Perhaps someone else could explain what this is in more physical/conceptual terms, I'm not sure if the explaination I'm providing is the one you're looking for?

5. Aug 26, 2010

### NanakiXIII

Thanks for trying to explain. You say $Z(0)$ is normalized to 1. Is that then what is done for each power of $J$? Or is it just done to get rid of it in the definition of $Z(J)$?

You say $Z(J)$ is the amplitude for ground state to ground state transition (I hadn't understood that we were still doing ground state to ground state, or that there are even states at all) in the presence of an external source, but it is the sum of amplitudes for all possible numbers of sources, right? You can expand it in powers of $J$ and $\lambda$ (or $g$, as I think Srednicki calls it), where the power of $J$ indicates the number of sources and $\lambda$ the number of vertices, so $Z(J)$ contains all of these Feynman diagrams.

Maybe what I'm really asking is "why"? What do I need this sum over all possible diagrams for? When dealing with an actual process in particle physics or something, you'll be looking, I presume, at a select number of diagrams that correspond to what you want. What use is there in summing everything together?

6. Aug 26, 2010

### LAHLH

hmm, I'm not really sure what you mean by each power of J here? Z(0) is 1 simply because without a source the ground state will remain the ground state with 100% certainty.

Yes we are doing ground state to ground state (see Zee's paragraph at the bottom of p19) or Srednickis explaination in ch6 and 7. When we have an interacting field, and an interecting part of the Hamiltonian, you do a perturbation (ch9 Srednicki), it then turns out that Z(J) is the exp of the sum of all non vacuum connected diagrams as I said. Why is this the case? hmm, other than it just is, and the fact it follows mathematically( ch9 Srednicki) I struggle to give an explaination on that one, and maybe someone else has some insight. However, the reason why this quantity is useful is because if we know it, we can work out the correlation functions $$\langle 0\mid\phi(x_1)\phi(x_2)....\mid 0 \rangle$$ these turn out to be of great interest, as they appear in a formula known as the LSZ formula. What does the LSZ formula give us? well it allows us to compute $$\langle f \mid i \rangle$$ where now the initial and final states are multiparticle states.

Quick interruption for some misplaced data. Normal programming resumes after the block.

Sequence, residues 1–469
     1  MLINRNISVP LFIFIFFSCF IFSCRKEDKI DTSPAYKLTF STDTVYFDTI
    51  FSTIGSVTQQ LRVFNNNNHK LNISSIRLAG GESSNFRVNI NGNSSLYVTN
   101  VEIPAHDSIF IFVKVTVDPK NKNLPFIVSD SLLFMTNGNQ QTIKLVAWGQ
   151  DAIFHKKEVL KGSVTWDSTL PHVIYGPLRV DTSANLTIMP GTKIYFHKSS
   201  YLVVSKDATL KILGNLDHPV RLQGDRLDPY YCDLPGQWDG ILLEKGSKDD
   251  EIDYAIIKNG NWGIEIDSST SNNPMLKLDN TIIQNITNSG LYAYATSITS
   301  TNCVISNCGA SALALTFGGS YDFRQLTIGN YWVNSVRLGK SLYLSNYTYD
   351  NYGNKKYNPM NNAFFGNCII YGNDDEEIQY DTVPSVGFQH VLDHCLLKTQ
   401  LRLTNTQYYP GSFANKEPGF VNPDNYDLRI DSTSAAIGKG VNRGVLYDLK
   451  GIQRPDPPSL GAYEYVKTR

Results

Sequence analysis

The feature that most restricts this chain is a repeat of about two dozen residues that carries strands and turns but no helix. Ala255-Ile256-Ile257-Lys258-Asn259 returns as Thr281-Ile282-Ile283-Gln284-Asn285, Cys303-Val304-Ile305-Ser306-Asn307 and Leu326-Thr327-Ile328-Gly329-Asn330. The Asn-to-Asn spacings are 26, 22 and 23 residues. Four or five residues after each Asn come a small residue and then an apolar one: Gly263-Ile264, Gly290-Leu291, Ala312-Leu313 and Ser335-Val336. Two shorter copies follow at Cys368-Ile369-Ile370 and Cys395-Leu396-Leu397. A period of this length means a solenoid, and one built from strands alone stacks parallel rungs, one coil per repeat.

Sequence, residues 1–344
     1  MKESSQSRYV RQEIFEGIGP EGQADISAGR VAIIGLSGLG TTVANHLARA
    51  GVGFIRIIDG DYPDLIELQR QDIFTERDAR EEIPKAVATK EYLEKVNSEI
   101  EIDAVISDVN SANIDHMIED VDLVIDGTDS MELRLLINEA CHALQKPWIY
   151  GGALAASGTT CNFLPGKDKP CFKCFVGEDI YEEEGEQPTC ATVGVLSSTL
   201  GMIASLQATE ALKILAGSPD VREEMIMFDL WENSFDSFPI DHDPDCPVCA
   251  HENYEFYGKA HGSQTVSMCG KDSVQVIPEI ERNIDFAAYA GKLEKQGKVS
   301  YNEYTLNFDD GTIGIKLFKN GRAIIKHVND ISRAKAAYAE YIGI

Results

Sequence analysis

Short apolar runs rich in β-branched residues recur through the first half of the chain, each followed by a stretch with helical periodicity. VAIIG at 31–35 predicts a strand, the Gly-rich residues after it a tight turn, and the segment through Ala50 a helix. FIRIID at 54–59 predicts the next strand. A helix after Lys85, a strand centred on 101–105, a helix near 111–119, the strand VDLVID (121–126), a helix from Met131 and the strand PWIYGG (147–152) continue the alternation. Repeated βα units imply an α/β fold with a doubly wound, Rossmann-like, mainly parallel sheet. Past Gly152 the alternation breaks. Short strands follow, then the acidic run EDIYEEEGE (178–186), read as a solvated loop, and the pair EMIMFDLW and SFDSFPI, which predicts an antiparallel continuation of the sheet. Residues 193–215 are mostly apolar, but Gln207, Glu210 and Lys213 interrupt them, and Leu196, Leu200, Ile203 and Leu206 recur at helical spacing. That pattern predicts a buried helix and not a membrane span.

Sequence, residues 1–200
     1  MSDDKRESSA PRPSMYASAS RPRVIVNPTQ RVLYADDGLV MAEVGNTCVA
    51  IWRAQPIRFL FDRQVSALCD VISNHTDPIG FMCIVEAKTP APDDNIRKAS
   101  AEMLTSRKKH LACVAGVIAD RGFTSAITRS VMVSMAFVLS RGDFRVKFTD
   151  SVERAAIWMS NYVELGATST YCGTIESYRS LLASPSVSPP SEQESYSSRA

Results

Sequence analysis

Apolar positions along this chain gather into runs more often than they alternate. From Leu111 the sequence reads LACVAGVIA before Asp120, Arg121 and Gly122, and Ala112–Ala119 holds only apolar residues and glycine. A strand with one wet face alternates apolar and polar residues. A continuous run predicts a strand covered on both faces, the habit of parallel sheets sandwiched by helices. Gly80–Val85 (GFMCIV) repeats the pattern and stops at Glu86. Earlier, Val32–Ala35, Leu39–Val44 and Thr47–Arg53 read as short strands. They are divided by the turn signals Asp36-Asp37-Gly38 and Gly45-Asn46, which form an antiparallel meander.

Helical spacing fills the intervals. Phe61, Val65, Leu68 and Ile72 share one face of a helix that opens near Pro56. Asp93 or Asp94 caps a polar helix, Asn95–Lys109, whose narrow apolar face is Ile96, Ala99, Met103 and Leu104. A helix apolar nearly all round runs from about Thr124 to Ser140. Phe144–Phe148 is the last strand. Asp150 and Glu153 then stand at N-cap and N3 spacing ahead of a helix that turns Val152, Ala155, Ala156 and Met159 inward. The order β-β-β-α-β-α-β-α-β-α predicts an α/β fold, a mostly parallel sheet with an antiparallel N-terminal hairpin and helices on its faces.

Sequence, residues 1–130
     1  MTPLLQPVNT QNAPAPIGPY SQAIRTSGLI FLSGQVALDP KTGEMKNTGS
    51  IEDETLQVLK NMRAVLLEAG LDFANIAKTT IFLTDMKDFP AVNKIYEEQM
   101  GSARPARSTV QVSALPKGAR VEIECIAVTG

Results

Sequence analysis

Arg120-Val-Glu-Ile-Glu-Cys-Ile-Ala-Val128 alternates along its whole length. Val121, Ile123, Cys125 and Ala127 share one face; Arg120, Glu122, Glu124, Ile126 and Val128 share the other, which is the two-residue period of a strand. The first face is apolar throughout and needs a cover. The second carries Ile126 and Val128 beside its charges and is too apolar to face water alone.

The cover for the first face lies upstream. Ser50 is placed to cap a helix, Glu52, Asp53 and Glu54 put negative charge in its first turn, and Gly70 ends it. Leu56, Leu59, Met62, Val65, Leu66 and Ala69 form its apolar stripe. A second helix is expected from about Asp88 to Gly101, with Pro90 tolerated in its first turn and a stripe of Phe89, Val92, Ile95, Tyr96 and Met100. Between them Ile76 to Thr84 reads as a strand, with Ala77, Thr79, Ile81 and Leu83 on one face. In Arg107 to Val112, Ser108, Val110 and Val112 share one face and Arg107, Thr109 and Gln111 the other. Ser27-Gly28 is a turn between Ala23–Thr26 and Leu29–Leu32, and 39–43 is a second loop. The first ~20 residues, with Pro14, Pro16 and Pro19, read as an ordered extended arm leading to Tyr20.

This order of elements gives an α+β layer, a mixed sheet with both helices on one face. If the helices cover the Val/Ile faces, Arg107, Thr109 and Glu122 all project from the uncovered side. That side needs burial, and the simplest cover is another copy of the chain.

These are the specific processes that you talk about, e.g. if we wanted to look at processes with 2 particles in and 2 out, we would need the so called 4 point correlation functions to plug into the LSZ formula $$\langle 0\mid\phi(x_1)\phi(x_2)phi(x_1')\phi(x_2')\mid 0 \rangle$$. We can get this four point correlation function to various orders in g (or lamba, or whatever you call your coupling constant) directly from Z(J) (by differentiating four times wrt the sources. Note that this picks out of all the diagrams in Z just the ones that have four sources, and then sets those sources to zero.....i.e. all those Feynman diagrams you have prob seen for 2 particle scattering)

Hope that helps, I'm away until Monday now won't be able to reply until then, but perhaps someone else will be able to offer some more insight if you have further questions, if not I will be back online next week. Srednicki 6-9 will give you lots of feel for this stuff, and make it more concrete.

7. Aug 26, 2010

### NanakiXIII

Right, I missed that.

Indeed I have seen how you use $Z(J)$ to get the Green's functions, etc. If $Z(J)$ is used mostly for these kinds of derivations, and it doesn't have any further physical use or meaning itself, that's a good enough answer to me. Thanks for your insights.

If anyone would like to share any other insights, they would be quite welcome, but I think I have a satisfying answer. I'm sure more details will become clear as I continue studying.